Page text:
That’s why the Chancellor’s boast that “austerity is coming to an end” is little more than yet another cheap and bitter taunt from the “haves” towards the “have nots”. The spending increases he announced yesterday will – at best – simply plug holes in the rotting framework of public services. They are, as Jeremy Corbyn rightly said, a drop in the ocean of what is needed to recover the lost years of Tory misrule. Any incoming Labour government will need a generation to fix what the Conservatives have destroyed, simply to return us to where we should be. The Institute of Fiscal Studies estimate it would take £19 billion of extra spending in 2022-23 to achieve even a minimal definition of ending austerity. That’s not what we got yesterday. Three-quarters of the £12 billion in welfare cuts announced in 2015 remain government policy.

There are no immediate fixes to address the needs of vulnerable children, the elderly or those struggling with long term illness. All the boarded up day centres, shut down youth clubs and struggling care homes cannot be instantly restored and reopened. Without trained and skilled professionals, who will make the visits to problem families and those who need care at home. How will working families cope as childcare costs spiral in the face of rising demand and insufficient supply? And how to reverse the butchering of public institutions and facilities like parks, libraries and museums? Austerity is a like violent scar tattooed across our back that will remind us of this government for years to come.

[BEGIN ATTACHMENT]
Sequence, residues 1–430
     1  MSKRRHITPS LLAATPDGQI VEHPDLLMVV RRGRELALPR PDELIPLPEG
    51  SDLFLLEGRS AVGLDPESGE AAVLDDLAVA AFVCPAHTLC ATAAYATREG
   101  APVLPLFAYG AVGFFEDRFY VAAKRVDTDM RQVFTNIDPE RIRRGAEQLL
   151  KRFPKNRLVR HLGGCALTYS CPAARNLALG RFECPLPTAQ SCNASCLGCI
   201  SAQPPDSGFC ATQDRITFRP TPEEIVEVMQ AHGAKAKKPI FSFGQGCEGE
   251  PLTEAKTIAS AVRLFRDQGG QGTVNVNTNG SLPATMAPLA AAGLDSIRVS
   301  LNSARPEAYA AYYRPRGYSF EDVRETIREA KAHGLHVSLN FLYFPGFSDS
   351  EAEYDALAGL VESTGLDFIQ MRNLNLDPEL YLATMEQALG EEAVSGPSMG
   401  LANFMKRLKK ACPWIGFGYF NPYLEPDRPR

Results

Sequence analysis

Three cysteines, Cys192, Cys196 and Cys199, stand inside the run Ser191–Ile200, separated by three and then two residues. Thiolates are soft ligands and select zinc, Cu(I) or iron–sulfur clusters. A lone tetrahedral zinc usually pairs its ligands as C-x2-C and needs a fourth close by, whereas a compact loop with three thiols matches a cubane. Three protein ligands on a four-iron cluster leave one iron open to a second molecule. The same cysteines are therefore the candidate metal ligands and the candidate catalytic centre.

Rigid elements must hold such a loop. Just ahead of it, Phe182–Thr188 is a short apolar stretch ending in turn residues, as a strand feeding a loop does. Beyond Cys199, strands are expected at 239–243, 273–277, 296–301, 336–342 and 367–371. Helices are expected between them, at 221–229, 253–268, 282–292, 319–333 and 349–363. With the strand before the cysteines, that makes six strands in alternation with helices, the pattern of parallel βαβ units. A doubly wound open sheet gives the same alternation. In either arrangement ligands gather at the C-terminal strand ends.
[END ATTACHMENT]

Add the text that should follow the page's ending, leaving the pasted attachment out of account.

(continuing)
And even as he congratulated the British people for bearing the awful brunt of his government’s ideological quest to remodel the state, the Chancellor was still rewarding those who need no reward, at the expense of those who have paid dearly for it. Philip Hammond’s tax relief concessions will benefit the richest five percent of families significantly more than the vast majority of ordinary working families. And from April next year, millions of British households will be worse off as a result of cuts in working tax credits announced in 2015. These aren’t the idle, feckless scoungers of Tory mythology, but hard working families, often with several jobs, unable to earn a living wage whilst corporations like Facebook announce billions of UK profit on which they pay next to no tax. The £400 million online shopping levy is like putting salve on a gnat bite whilst blood haemorrhages from an open wound. There is to be no deflection from the long term mission to shrink the state, deregulate and open up the public sector to privatisation, whilst forcing workers to accept reduced working hours, salaries and benefits. The claws may have been retracted but the teeth remain.

The Tory economic miracle is simply another falsehood repeated endlessly until it seems true. Yes, the deficit has come down, but debt remains high because the economy has not recovered its growth trend from before the financial crash. And growth will remain marooned at the bottom end of leading industrial nations. Even in 2023 the OBR only expects growth of 1.6%, a lower medium-term growth rate than almost all forecasts made since 1985. Economic indicator after economic indicator highlight that things are getting better but only in what Paul Krugman defined as “better in the way that stopping hitting yourself in the face with a baseball bat makes you feel good”.

Without tax rises or stronger economic performance, yesterday’s budget was little more than a firework bursting over a darkening sky, a last hurrah for a failed and flatlined government. Britain is broken and Brexit looms.  Nobody is cheering.